|Publication number||US6136239 A|
|Application number||US 08/666,442|
|Publication date||Oct 24, 2000|
|Filing date||Jan 19, 1995|
|Priority date||Jan 28, 1994|
|Also published as||CA2179503A1, CA2179503C, CN1045918C, CN1137769A, DE69511242D1, DE69511242T2, EP0741635A1, EP0741635B1, WO1995020473A1|
|Publication number||08666442, 666442, PCT/1995/43, PCT/SE/1995/000043, PCT/SE/1995/00043, PCT/SE/95/000043, PCT/SE/95/00043, PCT/SE1995/000043, PCT/SE1995/00043, PCT/SE1995000043, PCT/SE199500043, PCT/SE95/000043, PCT/SE95/00043, PCT/SE95000043, PCT/SE9500043, US 6136239 A, US 6136239A, US-A-6136239, US6136239 A, US6136239A|
|Inventors||Goran Lundgren, Kurt Schedin, Lars-Otto Sislegard, Sven-Ingvar Thorbjornsson|
|Original Assignee||Valmet Fibertech Aktiebolag|
|Export Citation||BiBTeX, EndNote, RefMan|
|Patent Citations (26), Referenced by (5), Classifications (14), Legal Events (9)|
|External Links: USPTO, USPTO Assignment, Espacenet|
The present invention relates to the manufacture of board products from lignocellulosic material.
Methods of manufacturing board from raw materials which are based on lignocellulose are well-known and widely applied. These manufacturing processes generally comprise the following steps: disintegration of the raw material to particles and/or fibers of a suitable size, drying to a definite moisture ratio and gluing the material prior or, subsequent to the drying, forming the glued material into the form of a mat, which can be built up of several layers, possibly cold prepressing, preheating, surface nozzle-spraying in some instances, and hot pressing simultaneously with pressure and heat applied in either a discontinuous or a continuous press, to produce a finished board.
During conventional hot pressing, the pressed material is primarily heated by means of thermal conduction from the adjacent heating plates or steel belts which have a temperature of 150° to 250° C., depending on the type of product being pressed, the glue used, the desired capacity, and other such factors. The moisture of the material which is closest to the heat source is thus evaporated, whereby as the pressing continues a dry layer develops and a steam front successively moves from each side inward to the center of the board. The temperature in this developing layer rises to at least 100° C., which causes normal glues to cure. When the steam front has arrived at the center of the board, the temperature there has risen to at least 100° C. and the board begins to harden, even at the center at which point pressing can be terminated within a number of seconds. This applies to the use of conventional urea formaldehyde glue (UF) and similar glues, such as melamine-fortified glues (MUF). When other glues with higher curing temperatures are used, a higher temperature and a higher pressure must develop in the board before curing can take place. In connection with conventional hot pressing, methods have been developed to control the density profile of the board in the thickness direction. In most cases it is desired to achieve a high density in the surface layers in order to improve paintability, strength and the like, and a reasonably low density in the central layer, i.e., as low as possible for holding the board weight and cost down, but sufficiently high for achieving an acceptable internal bond strength and the like. During the manufacture of particle board, more finely disintegrated particles with a slightly higher moisture content in the surface layers often have been used, for example, in order to achieve a higher density in the surface layers of the board. During the manufacture of MDF (Medium Density Fiberboard), which have a homogeneous material structure, methods have been developed by utilization of a controlled distance between the heat sources in order to approach the final position successively in a predetermined manner as the steam front moves inward towards the center. See, for example, Swedish patent No. 469,270 for a continuous press, and Swedish pat. appln, No. 93 00772-2 for a single opening discontinuous press. These methods, which were developed for MDF, are now at least partly used for other types of board.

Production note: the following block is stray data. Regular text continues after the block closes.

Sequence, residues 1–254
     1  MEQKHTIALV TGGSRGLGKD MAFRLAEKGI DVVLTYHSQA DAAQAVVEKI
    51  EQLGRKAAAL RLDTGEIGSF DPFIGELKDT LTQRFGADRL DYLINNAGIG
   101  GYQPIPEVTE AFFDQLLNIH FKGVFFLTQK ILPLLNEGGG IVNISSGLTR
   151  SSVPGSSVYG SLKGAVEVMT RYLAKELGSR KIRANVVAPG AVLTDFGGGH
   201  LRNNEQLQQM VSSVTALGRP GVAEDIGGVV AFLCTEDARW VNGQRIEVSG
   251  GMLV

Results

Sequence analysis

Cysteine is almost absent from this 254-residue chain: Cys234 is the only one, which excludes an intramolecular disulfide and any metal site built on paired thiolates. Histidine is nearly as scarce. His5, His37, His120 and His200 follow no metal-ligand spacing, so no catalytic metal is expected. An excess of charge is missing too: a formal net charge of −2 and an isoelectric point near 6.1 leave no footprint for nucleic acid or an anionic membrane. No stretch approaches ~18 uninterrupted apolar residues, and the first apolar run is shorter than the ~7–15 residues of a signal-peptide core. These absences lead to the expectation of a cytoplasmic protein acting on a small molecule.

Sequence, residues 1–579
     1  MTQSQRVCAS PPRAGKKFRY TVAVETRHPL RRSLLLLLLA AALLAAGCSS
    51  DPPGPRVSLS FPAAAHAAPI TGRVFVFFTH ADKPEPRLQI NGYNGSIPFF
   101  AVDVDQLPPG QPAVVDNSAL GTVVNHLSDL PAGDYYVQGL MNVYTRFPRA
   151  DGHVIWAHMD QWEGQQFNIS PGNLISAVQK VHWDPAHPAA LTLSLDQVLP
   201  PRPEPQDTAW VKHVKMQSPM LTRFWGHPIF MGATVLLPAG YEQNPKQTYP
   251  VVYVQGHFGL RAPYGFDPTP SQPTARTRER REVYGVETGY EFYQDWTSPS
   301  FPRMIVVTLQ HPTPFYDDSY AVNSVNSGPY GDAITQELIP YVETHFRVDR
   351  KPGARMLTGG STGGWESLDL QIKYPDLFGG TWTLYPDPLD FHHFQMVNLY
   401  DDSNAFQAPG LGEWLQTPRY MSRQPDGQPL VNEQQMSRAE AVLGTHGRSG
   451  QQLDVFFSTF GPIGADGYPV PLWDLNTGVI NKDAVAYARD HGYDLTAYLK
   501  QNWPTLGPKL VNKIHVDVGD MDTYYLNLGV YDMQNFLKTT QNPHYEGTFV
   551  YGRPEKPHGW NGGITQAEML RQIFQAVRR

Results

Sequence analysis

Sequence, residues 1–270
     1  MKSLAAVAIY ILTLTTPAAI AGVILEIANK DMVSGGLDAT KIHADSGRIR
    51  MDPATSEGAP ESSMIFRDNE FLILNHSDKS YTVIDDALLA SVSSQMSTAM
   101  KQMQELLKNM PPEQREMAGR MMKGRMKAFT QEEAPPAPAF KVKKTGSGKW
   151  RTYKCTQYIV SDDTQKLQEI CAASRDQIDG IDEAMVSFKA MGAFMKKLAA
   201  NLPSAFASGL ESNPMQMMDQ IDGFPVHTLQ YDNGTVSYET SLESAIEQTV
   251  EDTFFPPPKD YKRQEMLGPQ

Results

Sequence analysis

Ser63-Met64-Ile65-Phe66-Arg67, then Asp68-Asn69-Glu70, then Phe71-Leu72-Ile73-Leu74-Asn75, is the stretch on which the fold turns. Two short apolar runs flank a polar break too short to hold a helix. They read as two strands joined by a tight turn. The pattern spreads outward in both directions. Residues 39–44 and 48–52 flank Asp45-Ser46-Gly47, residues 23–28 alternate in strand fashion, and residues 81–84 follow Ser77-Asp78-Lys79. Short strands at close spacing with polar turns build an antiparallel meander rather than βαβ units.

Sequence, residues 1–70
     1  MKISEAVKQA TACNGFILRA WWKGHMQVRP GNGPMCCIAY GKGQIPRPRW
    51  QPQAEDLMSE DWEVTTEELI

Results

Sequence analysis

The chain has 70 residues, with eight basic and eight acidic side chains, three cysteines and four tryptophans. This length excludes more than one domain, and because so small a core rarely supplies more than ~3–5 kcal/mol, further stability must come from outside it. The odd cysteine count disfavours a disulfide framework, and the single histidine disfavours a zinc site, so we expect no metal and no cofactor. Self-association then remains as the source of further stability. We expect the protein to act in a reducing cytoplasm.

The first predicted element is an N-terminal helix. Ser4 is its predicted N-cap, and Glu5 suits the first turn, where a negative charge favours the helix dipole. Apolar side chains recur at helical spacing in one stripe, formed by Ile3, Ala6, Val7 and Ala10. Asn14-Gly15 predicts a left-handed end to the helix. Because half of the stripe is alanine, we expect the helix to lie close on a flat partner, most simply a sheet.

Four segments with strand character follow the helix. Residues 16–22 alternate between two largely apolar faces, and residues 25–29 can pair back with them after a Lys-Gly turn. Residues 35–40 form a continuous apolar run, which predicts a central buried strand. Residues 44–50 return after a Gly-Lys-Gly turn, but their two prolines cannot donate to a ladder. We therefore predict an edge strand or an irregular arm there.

In order to achieve the desired density profile, a press must be capable of applying a high surface pressure at high temperatures. This in itself is no problem for a discontinuous press. However, such a press has other disadvantages, such as, for example, inferior thickness tolerances. For continuous presses the required high surface pressure and simultaneously high temperature have resulted in the need for expensive precision solutions for the roller table between the steel belt and the underlying heating plate. The method of supplying heat to the board by means of thermal conduction further entails heating which takes a relatively long time, which thus results in great press lengths (large press surfaces). Presses up to about 40 m in length have thus been delivered. Furthermore, with a continuous press it is practically impossible to make the heating plates of the press sufficiently flexible and, therefore, the density profile cannot be formed with as great a freedom as in the case of discontinuous pressing.